Bilingual Education Translates Into A Real Plus For Everyone

Veronica Garcia has to make a decision soon. Should she go to Emory University in Atlanta or the University of Florida?

The 23-year-old University of Central Florida graduate applied and has been accepted to attend medical school at Emory University, UF and more. Not bad for a kid with dirt-poor roots, the product of her farmworker-parents’ labor of love.

“I couldn’t have gotten where I am without the bilingual-education program,” Garcia told me recently. She began the bilingual program in second grade at Apopka Elementary School. Her Mexican parents had just moved to the area. By fifth grade Garcia was totally fluent in English and a great academic performer.

“A child needs to learn certain material by a certain age,” she said. “If I had not had the help of the bilingual program, I would have fallen behind in science and math and social studies.”

Blecks St. Hubert also praises the bilingual program that helped him succeed in school. He recently was elected a student-government senator at Valencia Community College, the first Haitian student to win such a prestigious seat.

Garcia and St. Hubert went before the Orange County School Board earlier this month to get a commitment from the superintendent and school-board members that they won’t dismantle bilingual-education programs. The board’s chambers were packed with people whose children are being taught English as a second language.

Sister Ann Kendrick and Sister Cathy Gorman, two Catholic nuns who run the Office for Farmworker Ministry in Apopka, wanted the board to see how much those parents care about their kids getting ahead in school.

For months there had been rumors that Superintendent Dennis Smith was being pressured by some school principals and administrators to give up on bilingual programs. Back in February, Smith told me that he supports bilingual education, so long as there are clear goals and timetables to ensure that children are learning English.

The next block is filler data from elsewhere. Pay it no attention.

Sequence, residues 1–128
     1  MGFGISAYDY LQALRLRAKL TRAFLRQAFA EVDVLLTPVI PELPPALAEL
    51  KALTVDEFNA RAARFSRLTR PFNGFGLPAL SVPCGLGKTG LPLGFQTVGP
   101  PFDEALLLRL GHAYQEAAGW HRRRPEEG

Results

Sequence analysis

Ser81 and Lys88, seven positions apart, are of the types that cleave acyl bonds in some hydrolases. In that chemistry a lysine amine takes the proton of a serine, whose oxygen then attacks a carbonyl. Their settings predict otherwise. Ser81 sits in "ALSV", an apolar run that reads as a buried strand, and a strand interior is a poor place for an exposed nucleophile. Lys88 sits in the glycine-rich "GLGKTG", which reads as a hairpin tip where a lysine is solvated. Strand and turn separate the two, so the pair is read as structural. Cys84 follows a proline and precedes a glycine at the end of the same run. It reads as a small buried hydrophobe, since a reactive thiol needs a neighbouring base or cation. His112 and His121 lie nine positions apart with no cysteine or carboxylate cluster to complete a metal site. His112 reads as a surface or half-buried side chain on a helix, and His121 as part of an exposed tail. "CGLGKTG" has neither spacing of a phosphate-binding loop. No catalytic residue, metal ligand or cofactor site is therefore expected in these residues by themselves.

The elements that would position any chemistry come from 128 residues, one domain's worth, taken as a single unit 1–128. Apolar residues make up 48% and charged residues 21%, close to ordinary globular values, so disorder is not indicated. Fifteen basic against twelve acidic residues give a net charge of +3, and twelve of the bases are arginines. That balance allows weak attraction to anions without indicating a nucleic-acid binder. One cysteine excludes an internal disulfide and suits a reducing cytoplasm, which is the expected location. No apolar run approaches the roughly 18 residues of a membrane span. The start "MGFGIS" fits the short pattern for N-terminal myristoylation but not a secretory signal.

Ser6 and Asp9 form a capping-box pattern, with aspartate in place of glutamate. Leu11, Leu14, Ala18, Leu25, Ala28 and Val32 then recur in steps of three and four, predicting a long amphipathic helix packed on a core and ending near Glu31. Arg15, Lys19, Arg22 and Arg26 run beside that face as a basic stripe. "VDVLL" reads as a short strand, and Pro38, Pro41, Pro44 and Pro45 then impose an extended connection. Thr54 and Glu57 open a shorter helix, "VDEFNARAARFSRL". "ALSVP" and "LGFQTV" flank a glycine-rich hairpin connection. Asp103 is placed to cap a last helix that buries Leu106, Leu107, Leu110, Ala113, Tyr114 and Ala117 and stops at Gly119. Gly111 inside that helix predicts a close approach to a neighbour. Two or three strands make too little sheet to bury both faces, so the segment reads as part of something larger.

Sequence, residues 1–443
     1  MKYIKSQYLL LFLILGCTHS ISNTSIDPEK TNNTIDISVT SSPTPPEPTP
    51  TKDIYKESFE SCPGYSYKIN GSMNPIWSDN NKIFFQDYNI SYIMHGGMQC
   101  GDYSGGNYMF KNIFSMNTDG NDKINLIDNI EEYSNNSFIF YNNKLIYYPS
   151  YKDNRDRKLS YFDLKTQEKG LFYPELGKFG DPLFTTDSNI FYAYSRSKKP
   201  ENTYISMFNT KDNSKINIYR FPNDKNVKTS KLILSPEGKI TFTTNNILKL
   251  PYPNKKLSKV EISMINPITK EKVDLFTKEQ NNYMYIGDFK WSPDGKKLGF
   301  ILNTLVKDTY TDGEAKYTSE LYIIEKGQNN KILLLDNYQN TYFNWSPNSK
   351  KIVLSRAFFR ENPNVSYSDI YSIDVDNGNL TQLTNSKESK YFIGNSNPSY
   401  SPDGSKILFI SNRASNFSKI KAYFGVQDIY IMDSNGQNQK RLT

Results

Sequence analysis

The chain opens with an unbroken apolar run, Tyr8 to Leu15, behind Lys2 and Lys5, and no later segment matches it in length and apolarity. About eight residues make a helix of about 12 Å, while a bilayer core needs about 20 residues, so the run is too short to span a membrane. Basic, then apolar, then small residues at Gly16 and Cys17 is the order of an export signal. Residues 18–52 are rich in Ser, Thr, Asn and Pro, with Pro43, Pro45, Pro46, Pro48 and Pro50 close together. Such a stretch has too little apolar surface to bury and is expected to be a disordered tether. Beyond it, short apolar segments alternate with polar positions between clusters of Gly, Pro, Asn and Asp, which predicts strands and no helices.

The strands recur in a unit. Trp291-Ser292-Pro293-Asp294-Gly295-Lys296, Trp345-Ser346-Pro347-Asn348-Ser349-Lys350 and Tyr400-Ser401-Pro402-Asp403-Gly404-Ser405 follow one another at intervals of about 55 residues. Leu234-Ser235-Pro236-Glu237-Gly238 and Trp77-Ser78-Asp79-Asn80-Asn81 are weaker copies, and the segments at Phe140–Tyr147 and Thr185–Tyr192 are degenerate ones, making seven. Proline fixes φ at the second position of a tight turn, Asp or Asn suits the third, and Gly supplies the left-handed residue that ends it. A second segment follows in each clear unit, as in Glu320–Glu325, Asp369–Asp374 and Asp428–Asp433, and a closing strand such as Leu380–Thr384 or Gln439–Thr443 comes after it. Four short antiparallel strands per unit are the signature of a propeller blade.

He figured that the rumors took off because he used to be in the school system in California, where a voter referendum may do away with bilingual education.

California’s bilingual programs are a mixed bag. Some work well for kids, many of whom move back and forth between Mexico and California. But lots of those programs are so focused on keeping kids fluent in Spanish that the children aren’t progressing in English.

That’s not the type of program that helps children succeed in this country, and Sisters Ann and Cathy made that clear to the board, too.

Nonetheless, the sisters were worried. There had been a proposed name change for the bilingual program, which Sister Ann said could signal “subtle shifts in value or direction” of the program.

Orange County School Board member Linda Sutherland promised that the school system here is committed to expanding bilingual education – not gutting it. “I’m such a strong believer that all children should be bilingual, which is why we’re seeding the idea of having more elementary schools involved in second-language acquisition for English-speaking students.”

Sutherland is right on the mark. We know from child-development research that young children can learn many languages simultaneously and that it helps children better understand other disciplines, such as math and science.

This is a wonderful nation. A strong nation. There’s no reason American children of every background can’t be learning more than one language. It can only help keep America strong. Ask Veronica Garcia.

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